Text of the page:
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Bless the Daughter Raised by a Voice in Her Head by Warsan Shire

Source: NetGalley
Paperback, 96 pgs.
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Bless the Daughter Raised by a Voice in Her Head by Warsan Shire is a collection that pushes readers to their limits with her beautiful, tragic poems. Their dark beauty with their sometimes violent images reach inside us, pull out our hearts, and ring them until there is little left but open love and empathy.

In the opening poem, “Extreme Girlhood,” the birth of a girl is a sign that suffering is to come, whether it is from parental expectation, abuse from within the home, and other malodorous events. But “Mama, I made it/out of your home/alive, raised by/the voices/in my head.//” the narrator reminds readers that there is another side to that dark tunnel. In this poem, Shire has set up the reader for a wild, emotional ride, but if we can just hold onto that hope, we’ll be OK.

Part poetry collection about abuses and darkness, part collection about accepting the people we are, Shire is unafraid to call out our platitudes and attitudes:

From "Assimilation"

...
The refugee's heart has six chambers.
In the first is your mother's unpacked suitcase.
In the second, your father cries into his hands.
The third room is an immigration office,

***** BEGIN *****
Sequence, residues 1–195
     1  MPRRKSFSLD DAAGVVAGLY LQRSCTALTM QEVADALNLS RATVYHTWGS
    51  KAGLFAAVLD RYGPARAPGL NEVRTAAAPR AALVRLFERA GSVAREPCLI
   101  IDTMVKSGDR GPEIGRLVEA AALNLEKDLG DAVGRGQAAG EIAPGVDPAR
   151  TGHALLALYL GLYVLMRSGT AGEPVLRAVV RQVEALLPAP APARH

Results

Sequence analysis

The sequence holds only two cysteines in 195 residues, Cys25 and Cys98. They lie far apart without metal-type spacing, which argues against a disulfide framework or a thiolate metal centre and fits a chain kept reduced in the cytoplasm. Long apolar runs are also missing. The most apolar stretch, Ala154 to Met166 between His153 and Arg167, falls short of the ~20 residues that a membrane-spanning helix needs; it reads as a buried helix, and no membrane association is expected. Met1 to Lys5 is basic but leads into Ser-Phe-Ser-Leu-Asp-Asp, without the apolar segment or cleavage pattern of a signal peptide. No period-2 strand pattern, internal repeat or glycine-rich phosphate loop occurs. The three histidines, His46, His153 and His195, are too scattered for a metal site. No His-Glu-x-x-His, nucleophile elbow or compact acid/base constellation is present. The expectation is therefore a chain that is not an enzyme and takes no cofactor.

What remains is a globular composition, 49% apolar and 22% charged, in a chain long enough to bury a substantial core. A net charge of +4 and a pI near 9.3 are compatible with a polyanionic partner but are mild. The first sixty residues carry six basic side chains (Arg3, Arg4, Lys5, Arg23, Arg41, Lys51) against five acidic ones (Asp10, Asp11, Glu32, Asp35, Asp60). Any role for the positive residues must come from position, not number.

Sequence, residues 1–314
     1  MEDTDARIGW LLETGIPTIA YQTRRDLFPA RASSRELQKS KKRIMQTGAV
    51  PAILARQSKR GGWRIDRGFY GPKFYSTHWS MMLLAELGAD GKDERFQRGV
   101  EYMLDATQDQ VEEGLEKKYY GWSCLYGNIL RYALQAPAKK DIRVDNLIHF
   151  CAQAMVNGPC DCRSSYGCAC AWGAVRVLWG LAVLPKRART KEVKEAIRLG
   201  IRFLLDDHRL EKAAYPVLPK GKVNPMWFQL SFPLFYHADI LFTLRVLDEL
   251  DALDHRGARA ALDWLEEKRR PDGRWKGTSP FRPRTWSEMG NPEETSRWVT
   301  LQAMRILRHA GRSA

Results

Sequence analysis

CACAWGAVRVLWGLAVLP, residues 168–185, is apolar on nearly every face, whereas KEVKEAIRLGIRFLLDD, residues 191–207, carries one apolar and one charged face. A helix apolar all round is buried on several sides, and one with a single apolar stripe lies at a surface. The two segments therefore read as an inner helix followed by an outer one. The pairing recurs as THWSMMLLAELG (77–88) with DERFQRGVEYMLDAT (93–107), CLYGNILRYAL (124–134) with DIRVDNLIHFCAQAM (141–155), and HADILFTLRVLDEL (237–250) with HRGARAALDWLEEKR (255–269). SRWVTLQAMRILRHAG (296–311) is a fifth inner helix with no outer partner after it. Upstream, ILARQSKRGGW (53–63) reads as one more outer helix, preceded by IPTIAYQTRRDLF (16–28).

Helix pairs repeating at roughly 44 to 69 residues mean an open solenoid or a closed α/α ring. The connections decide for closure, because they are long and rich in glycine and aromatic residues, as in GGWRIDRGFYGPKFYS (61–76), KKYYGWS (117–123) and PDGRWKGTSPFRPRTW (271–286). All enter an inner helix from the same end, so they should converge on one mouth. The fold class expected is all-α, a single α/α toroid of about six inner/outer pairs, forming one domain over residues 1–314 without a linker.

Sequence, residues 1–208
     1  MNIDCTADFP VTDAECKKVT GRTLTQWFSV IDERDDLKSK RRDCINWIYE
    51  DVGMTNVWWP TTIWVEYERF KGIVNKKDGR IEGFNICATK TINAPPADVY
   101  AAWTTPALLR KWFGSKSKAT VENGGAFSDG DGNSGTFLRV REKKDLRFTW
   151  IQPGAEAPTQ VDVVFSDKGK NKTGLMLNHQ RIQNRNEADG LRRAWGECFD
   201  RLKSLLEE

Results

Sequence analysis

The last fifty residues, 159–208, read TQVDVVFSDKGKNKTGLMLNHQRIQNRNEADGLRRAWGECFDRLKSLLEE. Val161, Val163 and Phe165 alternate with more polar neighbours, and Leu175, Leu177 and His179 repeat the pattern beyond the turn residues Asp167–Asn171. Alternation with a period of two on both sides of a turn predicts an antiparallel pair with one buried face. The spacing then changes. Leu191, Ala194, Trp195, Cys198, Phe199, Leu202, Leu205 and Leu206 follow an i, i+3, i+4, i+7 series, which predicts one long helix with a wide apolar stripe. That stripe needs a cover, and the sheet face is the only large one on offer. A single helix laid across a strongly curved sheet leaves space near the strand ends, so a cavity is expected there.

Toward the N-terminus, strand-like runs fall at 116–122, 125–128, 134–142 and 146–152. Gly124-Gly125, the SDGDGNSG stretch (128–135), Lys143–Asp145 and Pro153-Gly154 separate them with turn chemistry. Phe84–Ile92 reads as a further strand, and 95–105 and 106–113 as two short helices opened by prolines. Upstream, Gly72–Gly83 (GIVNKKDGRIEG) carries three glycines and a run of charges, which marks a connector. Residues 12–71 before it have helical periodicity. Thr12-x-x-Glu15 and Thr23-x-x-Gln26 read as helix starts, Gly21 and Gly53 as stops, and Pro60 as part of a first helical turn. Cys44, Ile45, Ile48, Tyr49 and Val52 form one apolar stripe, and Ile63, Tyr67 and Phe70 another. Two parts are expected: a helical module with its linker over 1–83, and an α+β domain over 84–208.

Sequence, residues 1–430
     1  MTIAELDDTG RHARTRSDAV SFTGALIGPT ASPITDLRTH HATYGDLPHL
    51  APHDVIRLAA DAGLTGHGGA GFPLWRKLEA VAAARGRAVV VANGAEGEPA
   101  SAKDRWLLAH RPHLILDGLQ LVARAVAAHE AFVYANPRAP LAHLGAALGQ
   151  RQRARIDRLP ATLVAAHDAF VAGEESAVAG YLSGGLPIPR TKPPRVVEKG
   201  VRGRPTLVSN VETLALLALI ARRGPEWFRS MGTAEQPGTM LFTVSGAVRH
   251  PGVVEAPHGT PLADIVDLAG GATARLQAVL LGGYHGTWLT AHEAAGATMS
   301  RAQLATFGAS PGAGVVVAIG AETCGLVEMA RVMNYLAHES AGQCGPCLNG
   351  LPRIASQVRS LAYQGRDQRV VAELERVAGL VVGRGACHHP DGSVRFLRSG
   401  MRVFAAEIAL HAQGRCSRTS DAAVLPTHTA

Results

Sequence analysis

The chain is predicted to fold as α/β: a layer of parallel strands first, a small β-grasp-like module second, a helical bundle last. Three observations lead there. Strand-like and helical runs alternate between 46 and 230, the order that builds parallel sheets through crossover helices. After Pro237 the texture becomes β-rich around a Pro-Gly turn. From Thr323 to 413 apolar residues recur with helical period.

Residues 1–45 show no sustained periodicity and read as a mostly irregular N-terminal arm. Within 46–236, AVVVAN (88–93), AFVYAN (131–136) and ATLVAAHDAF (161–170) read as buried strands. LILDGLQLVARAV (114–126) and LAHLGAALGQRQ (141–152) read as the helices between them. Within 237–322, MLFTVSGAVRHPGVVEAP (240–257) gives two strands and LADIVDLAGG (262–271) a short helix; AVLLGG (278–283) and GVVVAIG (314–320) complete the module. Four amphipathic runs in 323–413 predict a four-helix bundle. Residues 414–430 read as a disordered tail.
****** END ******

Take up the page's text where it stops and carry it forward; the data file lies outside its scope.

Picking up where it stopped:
your severed legs in the fourth,
in the fifth a uterus -- yours?
The sixth opens with the right papers.

I can't get the refugee out of my body,

There is always that push and pull between the homeland of the past (a home nostalgia tells us is placid) and the new home refugees are seeking (a home that is not as welcoming as expected, if at all). Shire tells us in “Home” to remember that “No one leaves home unless home is the mouth of a shark. You only run for the border when you see the whole city running as well.” and “No one would leave home unless home chased you.” When times are troubling, refugees sometimes would love to return home, but “home is the mouth of a shark. Home is the barrel of a gun.”

Unbearable Weight of Staying

I don't know when love became elusive.
My mother's laughter in a dark room.

What I know is that no one I knew had it.
My father's arms around my mother's neck.

A door halfway open.
Fruit too ripe to eat.

Shire infuses her poems with her Somali culture, paying homage to rituals and loved ones, while at the same time exploring the struggles of her homeland with famine, the murder of women, kidnappings, and more.

 Filial Cannibalism

From time to time
mothers in the wild
devour their young,
an appetite born of
pure, bright need.
Occasionally,
mothers from ordinary
homes, much like our
own, feed on the viscid
shame their daughters
are forced to secrete
from glands formed
in the favor of men.

Bless the Daughter Raised by a Voice in Her Head by Warsan Shire is a stunning collection in which “the trapdoor to heaven/opens its mouth” and “girlhood an incubation for madness.” There are so many themes in these poems from racism to gender bias, but is Shire’s search for grace that holds these poems together.

RATING: Cinquain

About the Poet: